First Few Days in Maribor
The Malaysian group to the World Youth Chess Championships traveled to Maribor, Slovenia from Penang and Kuala Lumpur via Singapore, Munich and Graz where we were met by the organisers and taken some 38 kilometers by bus over the border to our hotel.
It was a very easy and pleasant trip overnight on Singapore Airlines and our hotel is the excellent Mlada Lipa which is a 20 minutes walk from the two tournament venues some 3.5 kilometers from the city centre.
No baggage was lost, the hotel check in went smoothly as did the accreditation process.
Maribor is a small town of some 100,000 people in a country with a total population of just 2,000,000 but is also the European Capital for Culture for 2012 and therefore very well set-up for tourism - for example our ID tags give us unlimited travel on a very good public transportation system and there are information points staffed by multilingual volunteers throughout a city that is a pleasure to walk about.
We have settled into a routine with games at 3 p.m. daily. So breakfast is at 7.30-8 a.m. and then by 9 a.m. some players do a bit of preparation while mothers get together and bus to town for some two to three hours of sightseeing and shopping. Lunch is usually at 12.30 p.m. and most prefer to take a refreshing walk to the tournament hall around 2 p.m.
So far the weather has remained relatively pleasant although it can be quite cold at night and few opt to walk back from 6-8 p.m. in the dark and wind when the games for the round and day generally finish.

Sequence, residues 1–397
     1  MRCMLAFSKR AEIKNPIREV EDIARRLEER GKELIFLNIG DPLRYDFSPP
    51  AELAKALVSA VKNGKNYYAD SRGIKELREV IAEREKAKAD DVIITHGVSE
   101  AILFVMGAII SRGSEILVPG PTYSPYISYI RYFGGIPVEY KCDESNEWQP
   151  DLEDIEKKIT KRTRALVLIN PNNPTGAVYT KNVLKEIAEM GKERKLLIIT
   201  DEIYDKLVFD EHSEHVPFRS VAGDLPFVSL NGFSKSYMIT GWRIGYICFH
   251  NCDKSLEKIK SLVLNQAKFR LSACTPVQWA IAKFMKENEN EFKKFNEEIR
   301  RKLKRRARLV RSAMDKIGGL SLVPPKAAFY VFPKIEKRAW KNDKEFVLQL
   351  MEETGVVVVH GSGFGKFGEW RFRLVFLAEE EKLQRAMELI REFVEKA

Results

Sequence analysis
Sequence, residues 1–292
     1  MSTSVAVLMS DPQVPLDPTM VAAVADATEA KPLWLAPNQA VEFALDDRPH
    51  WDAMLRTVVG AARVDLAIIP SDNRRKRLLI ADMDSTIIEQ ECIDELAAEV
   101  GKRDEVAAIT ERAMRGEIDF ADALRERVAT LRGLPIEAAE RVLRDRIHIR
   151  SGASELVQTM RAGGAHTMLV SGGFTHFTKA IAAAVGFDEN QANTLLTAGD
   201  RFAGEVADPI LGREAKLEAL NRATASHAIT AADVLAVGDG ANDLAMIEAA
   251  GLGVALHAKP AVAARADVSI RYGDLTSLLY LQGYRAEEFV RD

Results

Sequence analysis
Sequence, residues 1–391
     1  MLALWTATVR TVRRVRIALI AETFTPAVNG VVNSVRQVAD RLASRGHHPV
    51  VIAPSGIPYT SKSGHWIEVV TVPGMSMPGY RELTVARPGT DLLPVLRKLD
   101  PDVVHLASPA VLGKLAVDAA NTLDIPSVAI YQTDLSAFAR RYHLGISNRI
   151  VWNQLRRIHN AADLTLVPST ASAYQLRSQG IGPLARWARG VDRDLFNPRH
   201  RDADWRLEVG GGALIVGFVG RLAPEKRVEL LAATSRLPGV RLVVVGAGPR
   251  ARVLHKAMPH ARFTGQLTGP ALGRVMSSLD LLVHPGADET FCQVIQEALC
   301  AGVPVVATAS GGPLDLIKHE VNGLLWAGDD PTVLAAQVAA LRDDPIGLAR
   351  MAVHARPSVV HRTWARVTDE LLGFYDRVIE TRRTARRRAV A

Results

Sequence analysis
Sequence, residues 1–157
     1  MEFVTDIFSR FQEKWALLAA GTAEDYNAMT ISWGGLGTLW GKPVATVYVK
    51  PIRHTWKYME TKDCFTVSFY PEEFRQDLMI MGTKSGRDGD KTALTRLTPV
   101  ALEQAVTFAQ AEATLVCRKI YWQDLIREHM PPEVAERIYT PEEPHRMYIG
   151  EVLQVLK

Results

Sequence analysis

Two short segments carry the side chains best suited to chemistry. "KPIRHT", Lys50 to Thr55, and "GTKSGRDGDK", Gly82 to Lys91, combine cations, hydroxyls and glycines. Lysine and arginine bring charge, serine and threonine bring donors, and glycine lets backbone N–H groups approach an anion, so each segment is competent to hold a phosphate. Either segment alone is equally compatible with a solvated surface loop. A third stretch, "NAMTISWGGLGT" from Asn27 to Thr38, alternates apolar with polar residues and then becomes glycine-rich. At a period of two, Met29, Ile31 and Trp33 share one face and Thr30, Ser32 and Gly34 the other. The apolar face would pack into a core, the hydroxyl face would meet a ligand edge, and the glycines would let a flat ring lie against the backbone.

For the trainers (and most fathers who had baby sitting duties in the morning while their wives enjoyed the city), it is around 3.15 p.m. to 3.30 p.m. when the games have started and everyone has settled down that it is their turn to jump on the bus to enjoy an hour long stroll in the historical heart of the city.
There are some frustrations of course, some unavoidable as a result of the organisers having some 2,800 players, parents and officials scattered in over 20 hotels located all over the city and having two separate and rather smallish tournament venues, but others have been unnecessarily caused by a certain inexperience and inflexibility regarding accommodating the realities of the challenges arising from having so many young children playing.
But all in all everyone is happy and much of the credit has to go to the wonderful couple who run Mlada Lipa as they have gone out their way to make the Malaysians feel at home from cooking rice daily and making children friendly meals to getting hold of things like soya sauce!
Furthermore Maribor and indeed all of Slovenia is inexpensive especially when compared to most of Europe and has the advantage of being an unspoiled and a very green, nature friendly country.